• Acts 5:30
    • (KJV) – “The God of our fathers raised up Jesus, whom ye slew and hanged on a tree.”
    • (ESV) – “The God of our fathers raised Jesus, whom you had killed by hanging him on a tree.”

The KJV treats these as separate statements whereas they are linked. Jesus was killed by hanging on a tree (the cross.) This may seem like a small issue, and it is, but it shows how there is always room for improvements in every translation. Finally, there are language concerns. Languages change over time and English is no exception. In the 400 years since the KJV was first published the English language and usage have changed. Note a couple examples:

  • Song of Solomon 2:12
    • (KJV) – “The flowers appear on the earth; the time of the singing of birds is come, and the voice of the turtle is heard in our land;”
    • (ESV) – “The flowers appear on the earth, the time of singing has come, and the voice of the turtledove is heard in our land.”

Turtles are not known for their singing voices. While this may be understandable to the 17th century reader, most 21st century readers would not necessarily get the reference. Here is another example:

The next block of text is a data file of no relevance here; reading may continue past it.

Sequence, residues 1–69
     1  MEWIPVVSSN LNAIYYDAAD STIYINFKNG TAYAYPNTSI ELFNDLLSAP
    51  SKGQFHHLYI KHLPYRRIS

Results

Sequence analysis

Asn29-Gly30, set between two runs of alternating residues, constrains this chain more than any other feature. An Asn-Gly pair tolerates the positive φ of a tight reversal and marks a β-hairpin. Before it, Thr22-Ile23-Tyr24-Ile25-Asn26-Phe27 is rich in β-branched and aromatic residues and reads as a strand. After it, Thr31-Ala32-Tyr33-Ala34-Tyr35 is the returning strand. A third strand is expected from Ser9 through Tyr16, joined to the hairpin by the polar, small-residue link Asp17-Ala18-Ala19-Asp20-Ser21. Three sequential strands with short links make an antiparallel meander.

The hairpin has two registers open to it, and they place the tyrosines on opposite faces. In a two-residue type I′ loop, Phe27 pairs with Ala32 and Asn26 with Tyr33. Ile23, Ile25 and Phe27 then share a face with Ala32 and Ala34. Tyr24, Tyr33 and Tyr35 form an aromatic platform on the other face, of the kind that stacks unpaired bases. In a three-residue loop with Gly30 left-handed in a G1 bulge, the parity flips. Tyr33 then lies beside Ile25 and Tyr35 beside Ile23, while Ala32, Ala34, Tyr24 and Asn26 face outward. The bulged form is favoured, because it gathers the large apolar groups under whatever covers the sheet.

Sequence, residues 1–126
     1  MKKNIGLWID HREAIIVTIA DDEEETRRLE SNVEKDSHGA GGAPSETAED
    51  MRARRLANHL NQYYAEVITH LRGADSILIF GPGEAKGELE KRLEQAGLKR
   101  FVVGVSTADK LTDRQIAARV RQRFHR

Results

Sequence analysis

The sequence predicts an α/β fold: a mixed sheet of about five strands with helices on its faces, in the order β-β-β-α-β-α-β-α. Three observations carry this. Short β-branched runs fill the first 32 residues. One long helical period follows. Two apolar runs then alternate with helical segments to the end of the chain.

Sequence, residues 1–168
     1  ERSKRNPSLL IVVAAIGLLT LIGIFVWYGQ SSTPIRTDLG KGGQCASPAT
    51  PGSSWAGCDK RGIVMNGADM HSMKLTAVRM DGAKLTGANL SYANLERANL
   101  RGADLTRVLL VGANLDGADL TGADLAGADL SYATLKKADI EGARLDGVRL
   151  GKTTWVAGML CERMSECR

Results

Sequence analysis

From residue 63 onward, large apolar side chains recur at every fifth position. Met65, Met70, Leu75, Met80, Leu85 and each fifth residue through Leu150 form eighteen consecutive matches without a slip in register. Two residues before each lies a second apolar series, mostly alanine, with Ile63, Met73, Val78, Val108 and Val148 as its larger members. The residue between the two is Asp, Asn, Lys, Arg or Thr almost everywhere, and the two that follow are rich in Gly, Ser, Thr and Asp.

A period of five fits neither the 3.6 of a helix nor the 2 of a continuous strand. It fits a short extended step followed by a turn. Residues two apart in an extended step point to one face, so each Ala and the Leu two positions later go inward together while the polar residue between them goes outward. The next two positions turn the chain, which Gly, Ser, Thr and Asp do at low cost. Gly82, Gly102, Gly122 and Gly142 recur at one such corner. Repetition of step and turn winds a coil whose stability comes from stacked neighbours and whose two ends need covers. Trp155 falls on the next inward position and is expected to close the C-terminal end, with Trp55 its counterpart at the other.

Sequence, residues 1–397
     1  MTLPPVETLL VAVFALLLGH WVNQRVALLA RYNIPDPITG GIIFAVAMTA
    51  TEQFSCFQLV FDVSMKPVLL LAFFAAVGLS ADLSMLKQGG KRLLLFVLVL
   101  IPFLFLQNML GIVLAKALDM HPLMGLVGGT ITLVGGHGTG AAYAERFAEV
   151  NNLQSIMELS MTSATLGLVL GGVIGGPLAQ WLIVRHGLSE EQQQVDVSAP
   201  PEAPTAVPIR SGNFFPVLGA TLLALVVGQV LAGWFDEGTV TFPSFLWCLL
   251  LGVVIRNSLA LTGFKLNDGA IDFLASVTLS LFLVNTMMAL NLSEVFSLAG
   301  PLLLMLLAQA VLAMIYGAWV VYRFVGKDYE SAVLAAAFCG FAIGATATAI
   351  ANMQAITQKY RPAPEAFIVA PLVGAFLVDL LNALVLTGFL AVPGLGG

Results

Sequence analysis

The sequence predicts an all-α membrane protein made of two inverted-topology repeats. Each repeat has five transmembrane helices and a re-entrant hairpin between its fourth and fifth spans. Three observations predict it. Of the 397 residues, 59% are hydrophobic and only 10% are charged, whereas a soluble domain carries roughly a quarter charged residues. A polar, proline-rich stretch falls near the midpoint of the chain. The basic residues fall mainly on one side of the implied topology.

• 1 Kings 11:1a
    • (KJV) – “But king Solomon loved many strange women,”
    • (ESV) – “Now King Solomon loved many foreign women”

While I do not doubt that the women may well have been “strange” this is not the idea the author was trying to convey. Again, what is understandable to the 17th century reader is confusing to the 21st century reader. Why? Languages change over time.

The King James Only Movement

I honestly do not want to address the issue which has cropped up in the last 15-20 years but unfortunately, when dealing with the subject of Bible translations, I cannot avoid it. There are those who would claim that the KJV is the only Bible any Christian should be using. This is not a problem with the KJV but we do need to be aware of and address the fact that there are some within the church who regard the KJV as the only viable translation. This has been the result of much controversy in recent years. I will present these views only for information. For anyone who wants a more in-depth analysis of this issue I highly recommend James White’s book, The King James only Controversy. This book is a standard for dealing with this issue. Those who represent this viewpoint typically fall within one of three groups:

  1. Group #1 – Like the KJV best: This group represents those who simply prefer the KJV to other translations. There is no problem with this whatsoever. Many Christians simply prefer the KJV for their own reasons. This group is more KJV-preferred than KJV-only and should not be considered a part of the KJV-only movement. We only mention them here to exclude them from the others.
  2. Group #2 – The textual argument: This group either prefers the Textus Receptus (TR) or would argue for the TR-only. They would view the KJV as the best translation we have though not necessarily the only possible translation. They may also accept the NKJV.